Proposed change to copyright

Discussion in 'NZ Computing' started by alfred, Dec 4, 2003.

  1. alfred

    alfred Guest

    It has been talked about here, but there is one thing that troubles me.
    The MED proposes to allow an exception so that it will not infringe
    the reproduction right when "transient" copies are "made by computers or
    communication networks (such as the Internet) as a result of automatic
    or inevitable technical processes. These processes are generally
    designed to increase efficiency. Examples of transient copying, to which
    the exception would apply, would include the routine temporary storage
    in the random access memory ("RAM") of a computer for the purpose of
    executing an authorised program or browsing the World Wide Web."

    I know we have talked about cache and how that ought to be a protected
    exception. What I am wondering about is the actual example the MED has
    suggested (quoted above) - that it is OK to have a transient copy in
    RAM. My knowledge of the actual physical workings of RAM is pretty
    limited: am I wrong in my understanding that at present there is no way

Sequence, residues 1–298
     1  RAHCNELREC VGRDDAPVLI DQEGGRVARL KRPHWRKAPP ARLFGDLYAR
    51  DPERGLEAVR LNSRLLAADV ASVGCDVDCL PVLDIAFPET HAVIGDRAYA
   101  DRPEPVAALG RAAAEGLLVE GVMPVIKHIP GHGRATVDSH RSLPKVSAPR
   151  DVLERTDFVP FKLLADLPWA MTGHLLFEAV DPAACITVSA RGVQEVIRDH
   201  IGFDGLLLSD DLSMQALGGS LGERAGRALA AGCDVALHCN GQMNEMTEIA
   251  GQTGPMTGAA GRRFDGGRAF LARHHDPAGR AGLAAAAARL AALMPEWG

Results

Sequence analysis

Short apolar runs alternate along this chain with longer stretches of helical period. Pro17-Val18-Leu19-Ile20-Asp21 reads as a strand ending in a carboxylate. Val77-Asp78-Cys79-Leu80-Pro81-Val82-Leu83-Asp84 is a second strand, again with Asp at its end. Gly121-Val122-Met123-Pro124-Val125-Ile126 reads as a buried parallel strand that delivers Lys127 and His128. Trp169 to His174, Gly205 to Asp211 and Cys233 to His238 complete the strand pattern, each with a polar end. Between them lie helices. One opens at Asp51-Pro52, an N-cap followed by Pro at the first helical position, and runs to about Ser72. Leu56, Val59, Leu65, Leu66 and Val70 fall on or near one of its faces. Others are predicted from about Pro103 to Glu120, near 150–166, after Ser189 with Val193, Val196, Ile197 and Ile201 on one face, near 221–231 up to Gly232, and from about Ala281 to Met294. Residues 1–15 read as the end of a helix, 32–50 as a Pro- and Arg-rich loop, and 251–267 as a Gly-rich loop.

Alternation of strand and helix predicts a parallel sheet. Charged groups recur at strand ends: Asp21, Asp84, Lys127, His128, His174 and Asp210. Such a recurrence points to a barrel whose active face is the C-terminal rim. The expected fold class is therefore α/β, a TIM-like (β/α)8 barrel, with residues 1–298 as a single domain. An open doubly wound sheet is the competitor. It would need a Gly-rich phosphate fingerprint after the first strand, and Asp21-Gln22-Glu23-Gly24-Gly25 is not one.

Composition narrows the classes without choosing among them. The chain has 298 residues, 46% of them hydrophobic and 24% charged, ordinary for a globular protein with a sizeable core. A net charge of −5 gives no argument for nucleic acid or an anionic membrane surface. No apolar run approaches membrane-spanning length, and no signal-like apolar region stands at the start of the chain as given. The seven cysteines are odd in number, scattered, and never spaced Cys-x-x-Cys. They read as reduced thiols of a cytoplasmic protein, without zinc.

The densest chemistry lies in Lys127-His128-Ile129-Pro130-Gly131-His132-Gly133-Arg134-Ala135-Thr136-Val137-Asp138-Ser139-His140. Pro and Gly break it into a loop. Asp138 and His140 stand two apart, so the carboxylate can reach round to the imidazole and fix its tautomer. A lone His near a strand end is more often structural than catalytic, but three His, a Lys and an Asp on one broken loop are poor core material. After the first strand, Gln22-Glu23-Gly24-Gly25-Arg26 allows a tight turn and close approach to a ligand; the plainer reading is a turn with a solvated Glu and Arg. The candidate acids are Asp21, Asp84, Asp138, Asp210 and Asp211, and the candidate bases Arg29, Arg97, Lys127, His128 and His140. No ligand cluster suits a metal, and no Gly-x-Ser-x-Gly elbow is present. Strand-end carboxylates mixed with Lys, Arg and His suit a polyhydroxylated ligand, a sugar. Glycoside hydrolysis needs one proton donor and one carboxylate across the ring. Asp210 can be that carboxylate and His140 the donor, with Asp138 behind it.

to actually know what is in RAM at any one time? It seems to me that
    protecting whatever happens to be in RAM doesn't actually do much (a)
    because it is so volatile and (b) it cannot be identified anyway. Or is
    this an example of barking up the wrong tree?
     
    alfred, Dec 4, 2003
    #1
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  2. alfred wrote:
    > It has been talked about here, but there is one thing that troubles
    > me. The MED proposes to allow an exception so that it will not
    > infringe
    > the reproduction right when "transient" copies are "made by computers
    > or communication networks (such as the Internet) as a result of
    > automatic or inevitable technical processes>


    > What I am wondering about is the actual example the MED
    > has suggested (quoted above) - that it is OK to have a transient copy
    > in RAM. My knowledge of the actual physical workings of RAM is pretty
    > limited: am I wrong in my understanding that at present there is no
    > way to actually know what is in RAM at any one time? It seems to me
    > that protecting whatever happens to be in RAM doesn't actually do
    > much (a) because it is so volatile and (b) it cannot be identified
    > anyway. Or is this an example of barking up the wrong tree?


    They're saying that it's legal for the computer to have a copy of things in
    RAM as it's working on it. I'm not sure what your question is. You can tell
    what is in RAM easily - if an application is running, it's in RAM
    *somewhere*. You can drill down further and access the memory space of that
    application, if you really cared what was happening inside.

    CHeers,
    Nicholas Sherlock
     
    Nicholas Sherlock, Dec 4, 2003
    #2
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